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Submitted by kylejwx on


I'd like to start a discussion about the pros and cons of text messaging as a form of communication used in the workplace. Generally, I'm not in favor of texting for work, but I want to keep an open mind. One factor to consider is what we learn from DiSC about people's preferred communication styles. I can certainly say that texting is not my preferred communication method and it's not as effective as other forms of communication for me. There are many reasons for this. One is that I receive email notifications on my phone and my computer. Text messages are generally only on my phone so there's actually a lower chance of getting ahold of me via text message. Also, I try to follow the MT advice about inbox zero so I have a good strategy for processing incoming mail. Text messages are much easier to be forgotten.

However, I'm trying to balance the fact that other people seem to think that text messaging is an effective form of communication for them. Should I try to go along with text messaging for the sake of effectiveness with these individuals?

One hesitation I have with texting is that it seems people use text messages as an attempt to indicate that something is urgent. I struggle with that because they're basically saying that all the other tasks I'm working on (including those for other people) are lower priority than what they are asking about. If it is a true priority, I would prefer that they just call me.

Finally I have concerns about the security issues and potential privacy / HR issues. For example, a text that says "What is the Wi-Fi password?" or "This employee was terminated, can you turn off their email?"

How should I respond to people who continue to text me?

theresaja's picture
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Hi kylejwx,

Let coworkers know your preferred communication methods and that you like urgent communications by phone call.  You can do this in normal conversations or in [peer] one-on ones.

"....It was nice talking with you today.  Say, if you need anything from me urgently please call me.  Other wise email is fine.  I worry about missing texts."

That way you've given them permission to interrupt you by phone.  I've noticed I will get text or email requests asking if my co-workers can call me.  I'd prefer they just call me, so I can answer if I'm available.  Or call back if I'm not available.  


You can create a template response to any texts that direct them to expect an email response such as:

"I'll email you my response.  Or call me if you're not able to access email and need a response right away."  

Then in your email you may advise if you think the subject requires higher security than texts allow.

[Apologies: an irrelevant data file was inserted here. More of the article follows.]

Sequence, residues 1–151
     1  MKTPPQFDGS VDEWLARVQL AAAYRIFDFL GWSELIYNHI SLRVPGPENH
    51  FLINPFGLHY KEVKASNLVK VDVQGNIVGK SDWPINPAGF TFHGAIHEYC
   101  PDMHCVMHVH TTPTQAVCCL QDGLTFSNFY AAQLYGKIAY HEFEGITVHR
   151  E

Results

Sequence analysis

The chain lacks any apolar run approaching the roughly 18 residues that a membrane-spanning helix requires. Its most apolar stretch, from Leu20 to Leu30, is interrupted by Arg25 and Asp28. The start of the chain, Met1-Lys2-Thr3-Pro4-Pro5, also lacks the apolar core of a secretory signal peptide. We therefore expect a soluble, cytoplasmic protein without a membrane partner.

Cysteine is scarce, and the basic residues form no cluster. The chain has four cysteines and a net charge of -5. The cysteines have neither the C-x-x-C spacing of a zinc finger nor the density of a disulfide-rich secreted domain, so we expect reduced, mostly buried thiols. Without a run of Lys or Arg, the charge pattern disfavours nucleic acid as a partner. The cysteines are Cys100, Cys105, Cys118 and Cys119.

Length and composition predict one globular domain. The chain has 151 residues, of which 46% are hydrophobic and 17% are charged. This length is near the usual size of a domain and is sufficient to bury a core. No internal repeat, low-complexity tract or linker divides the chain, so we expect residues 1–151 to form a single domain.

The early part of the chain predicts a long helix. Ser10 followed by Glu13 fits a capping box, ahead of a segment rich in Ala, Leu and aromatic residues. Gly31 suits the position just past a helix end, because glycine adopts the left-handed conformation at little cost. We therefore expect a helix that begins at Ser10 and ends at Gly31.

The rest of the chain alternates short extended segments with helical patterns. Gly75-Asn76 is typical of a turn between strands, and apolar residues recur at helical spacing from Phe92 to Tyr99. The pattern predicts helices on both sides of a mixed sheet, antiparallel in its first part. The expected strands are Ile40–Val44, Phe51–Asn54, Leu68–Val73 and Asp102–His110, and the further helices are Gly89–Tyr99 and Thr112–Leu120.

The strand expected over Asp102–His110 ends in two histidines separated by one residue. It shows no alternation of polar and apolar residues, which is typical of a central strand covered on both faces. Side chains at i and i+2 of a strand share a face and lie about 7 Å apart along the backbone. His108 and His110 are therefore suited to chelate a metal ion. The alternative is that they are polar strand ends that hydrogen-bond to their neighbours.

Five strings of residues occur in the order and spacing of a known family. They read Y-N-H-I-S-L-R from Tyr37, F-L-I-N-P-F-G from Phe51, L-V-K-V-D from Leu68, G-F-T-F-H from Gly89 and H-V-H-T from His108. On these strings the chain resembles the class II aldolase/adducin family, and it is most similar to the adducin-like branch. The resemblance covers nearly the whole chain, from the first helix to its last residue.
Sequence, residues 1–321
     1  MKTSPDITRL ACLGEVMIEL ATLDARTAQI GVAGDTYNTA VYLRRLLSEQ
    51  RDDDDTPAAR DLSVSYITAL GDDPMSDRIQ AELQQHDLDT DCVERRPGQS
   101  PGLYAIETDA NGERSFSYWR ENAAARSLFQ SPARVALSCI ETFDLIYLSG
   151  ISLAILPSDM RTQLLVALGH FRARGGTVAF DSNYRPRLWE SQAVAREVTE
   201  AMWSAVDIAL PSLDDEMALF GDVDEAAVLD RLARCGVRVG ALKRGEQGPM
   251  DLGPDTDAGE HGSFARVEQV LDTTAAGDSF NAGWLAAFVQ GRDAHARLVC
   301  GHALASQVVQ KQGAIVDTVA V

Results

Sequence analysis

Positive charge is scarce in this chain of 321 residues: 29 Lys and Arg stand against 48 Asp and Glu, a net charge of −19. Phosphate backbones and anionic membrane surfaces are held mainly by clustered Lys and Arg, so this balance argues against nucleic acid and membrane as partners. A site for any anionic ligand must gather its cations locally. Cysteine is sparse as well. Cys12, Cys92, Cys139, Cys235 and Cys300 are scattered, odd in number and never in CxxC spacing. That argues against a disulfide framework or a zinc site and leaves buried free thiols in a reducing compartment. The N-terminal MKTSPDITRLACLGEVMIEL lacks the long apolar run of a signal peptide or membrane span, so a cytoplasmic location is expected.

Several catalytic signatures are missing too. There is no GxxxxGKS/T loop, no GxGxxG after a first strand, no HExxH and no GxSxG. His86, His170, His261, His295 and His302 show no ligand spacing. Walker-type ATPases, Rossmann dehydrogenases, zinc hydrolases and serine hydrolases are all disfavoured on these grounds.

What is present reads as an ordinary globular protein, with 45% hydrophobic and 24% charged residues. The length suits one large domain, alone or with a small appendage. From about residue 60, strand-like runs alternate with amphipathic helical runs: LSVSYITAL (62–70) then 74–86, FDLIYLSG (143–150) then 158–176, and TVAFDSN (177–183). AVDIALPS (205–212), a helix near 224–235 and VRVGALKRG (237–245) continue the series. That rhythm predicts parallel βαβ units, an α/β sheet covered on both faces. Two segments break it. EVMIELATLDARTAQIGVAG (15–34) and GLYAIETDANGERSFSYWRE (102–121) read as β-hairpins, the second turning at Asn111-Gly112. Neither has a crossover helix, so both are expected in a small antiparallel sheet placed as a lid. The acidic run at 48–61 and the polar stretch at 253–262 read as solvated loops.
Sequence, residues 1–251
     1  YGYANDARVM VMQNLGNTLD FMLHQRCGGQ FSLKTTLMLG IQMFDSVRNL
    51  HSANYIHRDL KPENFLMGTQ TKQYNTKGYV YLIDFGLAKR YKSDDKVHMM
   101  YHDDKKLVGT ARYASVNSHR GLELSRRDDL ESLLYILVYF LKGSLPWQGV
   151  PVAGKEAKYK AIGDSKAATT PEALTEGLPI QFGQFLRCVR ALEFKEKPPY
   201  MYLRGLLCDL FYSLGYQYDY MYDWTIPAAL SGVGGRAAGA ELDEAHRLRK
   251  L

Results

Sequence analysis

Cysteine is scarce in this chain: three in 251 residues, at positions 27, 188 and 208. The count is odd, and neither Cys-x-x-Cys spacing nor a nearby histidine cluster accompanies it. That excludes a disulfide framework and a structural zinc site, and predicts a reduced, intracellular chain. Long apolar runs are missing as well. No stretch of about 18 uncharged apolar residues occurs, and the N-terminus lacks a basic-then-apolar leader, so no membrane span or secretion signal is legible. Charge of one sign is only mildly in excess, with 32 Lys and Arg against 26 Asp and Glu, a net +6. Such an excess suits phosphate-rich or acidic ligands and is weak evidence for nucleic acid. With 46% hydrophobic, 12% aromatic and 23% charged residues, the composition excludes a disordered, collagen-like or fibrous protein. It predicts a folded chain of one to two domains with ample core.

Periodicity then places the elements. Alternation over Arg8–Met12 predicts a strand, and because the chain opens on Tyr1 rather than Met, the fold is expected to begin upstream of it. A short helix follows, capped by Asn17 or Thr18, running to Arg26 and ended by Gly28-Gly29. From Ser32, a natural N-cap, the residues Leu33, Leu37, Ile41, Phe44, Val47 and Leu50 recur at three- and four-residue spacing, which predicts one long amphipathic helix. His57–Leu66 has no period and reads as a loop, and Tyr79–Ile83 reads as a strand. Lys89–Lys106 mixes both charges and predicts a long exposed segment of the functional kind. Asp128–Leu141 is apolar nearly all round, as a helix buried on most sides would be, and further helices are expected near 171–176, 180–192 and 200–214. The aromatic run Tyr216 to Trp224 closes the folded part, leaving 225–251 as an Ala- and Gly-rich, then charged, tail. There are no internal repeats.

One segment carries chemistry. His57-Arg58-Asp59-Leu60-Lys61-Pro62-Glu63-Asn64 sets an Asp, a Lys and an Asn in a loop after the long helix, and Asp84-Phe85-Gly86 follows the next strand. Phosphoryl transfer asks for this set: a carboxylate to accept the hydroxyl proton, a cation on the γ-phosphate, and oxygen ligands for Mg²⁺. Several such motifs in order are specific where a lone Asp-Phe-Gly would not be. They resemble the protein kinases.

My company uses Microsoft Teams and Outlook email.  Teams provides "coordinated" communication tools including chat, calls, video calls, etc.  It's chat feature is similar to texting, but it will send you a notification and an email if co-workers are trying to reach you.  I haven't mastered it's systems, but our accounting department an one of my directs have found it very helpful for interdepartmental communication.  The only glitch is the app needs to be opened before it can provide notices, just like you can't get emails if you haven't turned on your email app. 

I hope this helps. 

Oakleys's picture

I agree with this as well. I dislike private text messages becuase they become lost communications should any records be neccessay in the future. Also, I mute my phone so only contacts on my emergency bypass give notifications. It is also much easier to have group chats in Teams vs SMS or text, especially when some have iPhone and others Android. Bottom line, I believe work communications should be on work platform (teams / email) and save private / personal chats for text / SMS

LEmerson's picture

I'd recommend to discuss it and come to a consensus among the people you're in contact with. You could have two or three different levels of comfort with technology among your coworkers. I'm an old fart and there have been a couple times I worked with younger people and I was out of the loop because I wasn't comfortable using the phone so much. I started using it and it wasn't that difficult. If you can find out where everybody is it shouldn't be too difficult to agree on preferred methods.

SK68's picture
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One note of caution here is data protection and your privacy. I have known of a number of times people had to turn their personal chats over due to workplace investigations. Best using Teams or at least a work phone for me!